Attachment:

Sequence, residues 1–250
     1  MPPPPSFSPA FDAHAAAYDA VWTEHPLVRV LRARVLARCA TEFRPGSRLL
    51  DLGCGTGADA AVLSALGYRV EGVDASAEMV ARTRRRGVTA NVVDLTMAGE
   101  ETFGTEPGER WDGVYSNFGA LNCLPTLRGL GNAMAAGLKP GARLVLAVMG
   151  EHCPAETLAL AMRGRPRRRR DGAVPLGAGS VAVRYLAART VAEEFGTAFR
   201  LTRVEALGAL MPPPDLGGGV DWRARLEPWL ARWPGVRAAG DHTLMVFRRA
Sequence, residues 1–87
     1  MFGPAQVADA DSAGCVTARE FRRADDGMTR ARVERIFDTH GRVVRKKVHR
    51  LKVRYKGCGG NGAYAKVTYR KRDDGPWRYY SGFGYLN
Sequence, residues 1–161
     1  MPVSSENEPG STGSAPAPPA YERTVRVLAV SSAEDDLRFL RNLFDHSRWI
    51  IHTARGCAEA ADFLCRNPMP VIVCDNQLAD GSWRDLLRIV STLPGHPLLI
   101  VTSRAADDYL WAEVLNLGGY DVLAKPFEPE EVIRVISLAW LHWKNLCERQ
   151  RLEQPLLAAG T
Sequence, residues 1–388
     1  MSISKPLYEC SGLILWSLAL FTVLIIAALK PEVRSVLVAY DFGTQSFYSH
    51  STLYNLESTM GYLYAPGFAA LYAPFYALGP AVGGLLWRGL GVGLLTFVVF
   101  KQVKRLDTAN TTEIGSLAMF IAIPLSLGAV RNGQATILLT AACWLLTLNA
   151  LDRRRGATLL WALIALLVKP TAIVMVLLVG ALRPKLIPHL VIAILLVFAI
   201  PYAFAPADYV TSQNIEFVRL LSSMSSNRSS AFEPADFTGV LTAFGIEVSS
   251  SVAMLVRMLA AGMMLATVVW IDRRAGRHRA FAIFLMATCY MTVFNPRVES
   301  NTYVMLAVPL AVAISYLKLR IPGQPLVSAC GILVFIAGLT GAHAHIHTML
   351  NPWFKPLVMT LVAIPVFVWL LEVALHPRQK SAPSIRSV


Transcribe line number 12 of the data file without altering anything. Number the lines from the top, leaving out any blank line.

    51  IHTARGCAEA ADFLCRNPMP VIVCDNQLAD GSWRDLLRIV STLPGHPLLI